All of these features make perfect reasons for leaving the French Town’s bohemian chic for some exploration and the seductive Tamil Town hums with full South Indian character. Split from north to south by a partially covered canal, Pondicherry has a distinct dual character. The ‘French’ part of the town occupies the eastern side facing the sea and its street names often have English, French and Tamil versions simultaneously. Pétanque pitches fill up with Indo French nationals on weekends and the seafront atmosphere is tangibly Gallic. Candy coloured richly ornamented Catholic churches peep out from shady corners and restaurants boast of excellent coq-au-vins and flambes. Known as the White Town, the French section of Pondicherry is a cosmopolitan mix of shopping, French food, beer, sea air, plenty of yoga and meditation. The presence of the internationally famous Sri Aurobindo Ashram and its offshoot just out of town, Auroville, draw large numbers of spiritually minded visitors from all over the world and it resembles a big global village.
The other side of the dividing canal, however is a study in contrast. Cluttered and chaotic, the Tamil or Black Town is crammed with narrow streets named after temples, colourful fresh produce markets and quaint old Tamil houses. The crumbling mansions held fast by sturdy pillars and verandah speak of celebrated Tamil poets such as Subramania Bharathi and Bharathidasan and heady aroma of camphor waft out of of Vysial Street, Eswaran Koil Street and Perumal Koil Street. Temple bells toll sweetly and auto rickshaw drivers solicit in un accented English. The bustling Nehru and Mission Streets are in the heart of the Tamil Quarter and branded showrooms and street vendors flank them in equal measures. Though the Ville Noir and Ville Blanc divide the Union Territory of Pondicherry in the most famous way, unknown to many, there remain 2 more sections tucked away in the midst of the uniquely heady city.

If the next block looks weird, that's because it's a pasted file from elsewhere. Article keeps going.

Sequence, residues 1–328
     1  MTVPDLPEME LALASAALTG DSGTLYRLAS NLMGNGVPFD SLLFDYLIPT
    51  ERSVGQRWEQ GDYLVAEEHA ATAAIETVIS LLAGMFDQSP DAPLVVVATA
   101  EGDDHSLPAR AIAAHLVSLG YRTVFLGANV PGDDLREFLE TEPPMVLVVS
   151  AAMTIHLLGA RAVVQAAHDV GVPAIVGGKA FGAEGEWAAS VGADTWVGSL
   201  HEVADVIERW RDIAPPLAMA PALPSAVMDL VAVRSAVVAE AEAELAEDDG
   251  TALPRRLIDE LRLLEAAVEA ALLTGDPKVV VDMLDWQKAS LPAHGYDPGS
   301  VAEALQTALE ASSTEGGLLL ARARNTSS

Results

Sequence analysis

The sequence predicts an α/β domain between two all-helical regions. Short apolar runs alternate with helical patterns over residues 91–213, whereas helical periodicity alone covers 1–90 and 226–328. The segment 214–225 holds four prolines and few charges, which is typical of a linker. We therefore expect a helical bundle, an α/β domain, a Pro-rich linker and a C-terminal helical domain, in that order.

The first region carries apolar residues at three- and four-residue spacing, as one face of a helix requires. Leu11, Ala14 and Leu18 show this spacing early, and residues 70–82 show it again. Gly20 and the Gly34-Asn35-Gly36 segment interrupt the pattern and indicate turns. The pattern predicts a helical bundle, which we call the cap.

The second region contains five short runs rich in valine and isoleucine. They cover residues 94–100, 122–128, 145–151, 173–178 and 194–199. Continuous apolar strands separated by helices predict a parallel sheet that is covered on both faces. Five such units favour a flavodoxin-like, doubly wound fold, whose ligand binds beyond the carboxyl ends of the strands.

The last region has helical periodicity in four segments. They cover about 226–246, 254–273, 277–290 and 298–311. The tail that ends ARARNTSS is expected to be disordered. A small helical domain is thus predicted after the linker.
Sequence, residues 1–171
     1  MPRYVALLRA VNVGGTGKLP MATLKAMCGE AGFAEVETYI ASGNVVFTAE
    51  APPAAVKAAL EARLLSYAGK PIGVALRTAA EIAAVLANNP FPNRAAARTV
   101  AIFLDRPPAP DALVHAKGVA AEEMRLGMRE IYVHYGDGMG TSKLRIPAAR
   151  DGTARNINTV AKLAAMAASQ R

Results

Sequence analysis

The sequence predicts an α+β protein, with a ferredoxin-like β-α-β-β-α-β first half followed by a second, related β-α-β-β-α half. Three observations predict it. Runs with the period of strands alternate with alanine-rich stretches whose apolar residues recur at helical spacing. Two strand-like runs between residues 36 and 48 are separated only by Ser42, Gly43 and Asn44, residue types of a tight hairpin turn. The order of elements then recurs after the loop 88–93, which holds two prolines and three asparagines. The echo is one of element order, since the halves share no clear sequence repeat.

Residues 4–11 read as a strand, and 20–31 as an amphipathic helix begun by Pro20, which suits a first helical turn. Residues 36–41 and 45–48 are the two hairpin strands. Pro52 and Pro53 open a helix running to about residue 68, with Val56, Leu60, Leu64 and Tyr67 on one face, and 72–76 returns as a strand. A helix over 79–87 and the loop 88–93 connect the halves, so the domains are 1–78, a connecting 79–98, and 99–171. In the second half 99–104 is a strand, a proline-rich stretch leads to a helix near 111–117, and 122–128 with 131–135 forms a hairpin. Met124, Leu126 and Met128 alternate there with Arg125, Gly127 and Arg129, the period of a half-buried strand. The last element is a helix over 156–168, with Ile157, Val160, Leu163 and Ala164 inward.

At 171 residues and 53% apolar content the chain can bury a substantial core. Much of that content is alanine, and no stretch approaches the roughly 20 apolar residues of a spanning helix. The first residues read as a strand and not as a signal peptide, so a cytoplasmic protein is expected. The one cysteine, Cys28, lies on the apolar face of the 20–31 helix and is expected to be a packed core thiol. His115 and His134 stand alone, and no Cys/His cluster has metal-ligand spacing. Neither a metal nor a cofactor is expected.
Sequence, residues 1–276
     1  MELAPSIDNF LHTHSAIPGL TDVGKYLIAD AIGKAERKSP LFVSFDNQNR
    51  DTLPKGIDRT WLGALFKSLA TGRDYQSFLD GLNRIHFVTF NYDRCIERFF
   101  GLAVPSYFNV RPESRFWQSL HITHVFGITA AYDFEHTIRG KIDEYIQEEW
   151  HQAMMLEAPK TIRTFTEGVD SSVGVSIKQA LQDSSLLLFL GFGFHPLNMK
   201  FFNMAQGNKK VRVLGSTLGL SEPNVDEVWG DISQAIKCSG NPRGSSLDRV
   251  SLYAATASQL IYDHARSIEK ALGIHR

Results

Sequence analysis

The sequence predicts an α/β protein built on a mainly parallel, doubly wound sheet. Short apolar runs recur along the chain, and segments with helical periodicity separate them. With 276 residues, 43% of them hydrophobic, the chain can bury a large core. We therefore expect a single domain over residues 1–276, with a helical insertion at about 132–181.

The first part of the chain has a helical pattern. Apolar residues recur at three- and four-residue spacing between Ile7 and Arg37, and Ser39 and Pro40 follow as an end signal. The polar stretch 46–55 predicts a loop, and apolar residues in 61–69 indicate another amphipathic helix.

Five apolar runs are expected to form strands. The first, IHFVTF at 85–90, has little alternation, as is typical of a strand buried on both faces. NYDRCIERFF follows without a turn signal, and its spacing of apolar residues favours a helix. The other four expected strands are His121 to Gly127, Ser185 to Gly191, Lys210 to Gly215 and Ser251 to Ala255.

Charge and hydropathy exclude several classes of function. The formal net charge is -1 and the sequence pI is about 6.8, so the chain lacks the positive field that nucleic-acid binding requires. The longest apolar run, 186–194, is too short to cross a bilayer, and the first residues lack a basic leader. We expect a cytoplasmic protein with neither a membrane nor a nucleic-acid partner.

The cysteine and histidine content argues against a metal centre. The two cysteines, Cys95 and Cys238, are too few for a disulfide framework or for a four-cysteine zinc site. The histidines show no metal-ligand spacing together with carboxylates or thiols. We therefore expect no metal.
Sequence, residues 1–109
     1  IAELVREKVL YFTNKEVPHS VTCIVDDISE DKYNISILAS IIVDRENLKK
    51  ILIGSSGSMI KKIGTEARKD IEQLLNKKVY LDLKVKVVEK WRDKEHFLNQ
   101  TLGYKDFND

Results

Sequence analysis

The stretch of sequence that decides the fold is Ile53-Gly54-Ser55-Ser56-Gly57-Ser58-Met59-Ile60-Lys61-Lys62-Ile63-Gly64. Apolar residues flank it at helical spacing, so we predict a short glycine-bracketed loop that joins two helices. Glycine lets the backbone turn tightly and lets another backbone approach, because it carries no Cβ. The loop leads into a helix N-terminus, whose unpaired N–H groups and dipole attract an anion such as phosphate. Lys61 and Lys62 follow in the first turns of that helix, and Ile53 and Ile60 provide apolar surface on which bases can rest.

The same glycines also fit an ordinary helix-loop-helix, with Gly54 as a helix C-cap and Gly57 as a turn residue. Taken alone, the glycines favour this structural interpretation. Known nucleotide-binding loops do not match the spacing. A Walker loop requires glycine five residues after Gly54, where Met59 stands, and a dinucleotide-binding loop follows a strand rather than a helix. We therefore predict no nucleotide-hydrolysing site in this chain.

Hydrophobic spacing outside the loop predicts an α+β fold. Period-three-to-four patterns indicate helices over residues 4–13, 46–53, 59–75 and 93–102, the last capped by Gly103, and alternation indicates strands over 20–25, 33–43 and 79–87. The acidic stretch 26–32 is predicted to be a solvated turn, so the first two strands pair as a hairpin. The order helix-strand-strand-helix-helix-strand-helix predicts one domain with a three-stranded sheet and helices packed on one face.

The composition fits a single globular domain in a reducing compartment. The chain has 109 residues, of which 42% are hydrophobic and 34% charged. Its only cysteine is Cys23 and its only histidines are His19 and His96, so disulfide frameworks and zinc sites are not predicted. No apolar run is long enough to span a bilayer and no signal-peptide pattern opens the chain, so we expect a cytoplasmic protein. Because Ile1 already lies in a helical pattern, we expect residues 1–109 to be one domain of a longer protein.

The placid Christian Quarter revolve serenely around the Immaculate Conception Cathedral on Mission Street and it leads to yet another lesser-known, distinctive area known as the Muslim Quarter. Cocooned between Bussy Street and Raja Singh Street, the Muslim Quarter rebounds with colourful mansions, intricate wooden jali scrollwork and purdah clad kohl eyed women. Ancient mosques on Rue Mulla and Rue Cazy emanate prayer calls and boisterous children play in front of crumbling old mansions. No matter whichever quarter one steps in, Pondicherry distinctly retains an old world charm and it has been laboriously preserved by INTACH. Thus for a city so small, it is wonderfully photogenic and designed by the Dutch, lusted after by the English, built by the French and actively engaged in trading with Rome since centuries, many foreign influences make Pondy what it is today: a lovely, heady mix of the contemporary and colonial, hedonistic and spiritual, tranquil and chaotic, a perfect blend of the East and the West.
RESPONSIBLE TRAVELING-BECAUSE I CARE